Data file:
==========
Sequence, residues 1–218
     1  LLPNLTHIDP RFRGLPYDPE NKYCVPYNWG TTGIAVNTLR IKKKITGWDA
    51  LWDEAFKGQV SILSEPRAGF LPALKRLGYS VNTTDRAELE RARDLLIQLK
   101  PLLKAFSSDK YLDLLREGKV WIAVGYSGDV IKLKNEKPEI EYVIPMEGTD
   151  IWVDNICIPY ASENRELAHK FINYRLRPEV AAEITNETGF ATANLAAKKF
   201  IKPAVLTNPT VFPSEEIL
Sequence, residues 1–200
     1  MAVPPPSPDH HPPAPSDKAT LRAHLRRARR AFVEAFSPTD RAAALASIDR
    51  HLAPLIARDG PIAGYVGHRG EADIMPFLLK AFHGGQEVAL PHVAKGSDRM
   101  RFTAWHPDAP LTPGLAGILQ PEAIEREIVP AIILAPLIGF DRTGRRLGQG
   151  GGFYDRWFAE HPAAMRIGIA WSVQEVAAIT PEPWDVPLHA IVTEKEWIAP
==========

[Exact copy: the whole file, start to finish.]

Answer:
Sequence, residues 1–218
     1  LLPNLTHIDP RFRGLPYDPE NKYCVPYNWG TTGIAVNTLR IKKKITGWDA
    51  LWDEAFKGQV SILSEPRAGF LPALKRLGYS VNTTDRAELE RARDLLIQLK
   101  PLLKAFSSDK YLDLLREGKV WIAVGYSGDV IKLKNEKPEI EYVIPMEGTD
   151  IWVDNICIPY ASENRELAHK FINYRLRPEV AAEITNETGF ATANLAAKKF
   201  IKPAVLTNPT VFPSEEIL
Sequence, residues 1–200
     1  MAVPPPSPDH HPPAPSDKAT LRAHLRRARR AFVEAFSPTD RAAALASIDR
    51  HLAPLIARDG PIAGYVGHRG EADIMPFLLK AFHGGQEVAL PHVAKGSDRM
   101  RFTAWHPDAP LTPGLAGILQ PEAIEREIVP AIILAPLIGF DRTGRRLGQG
   151  GGFYDRWFAE HPAAMRIGIA WSVQEVAAIT PEPWDVPLHA IVTEKEWIAP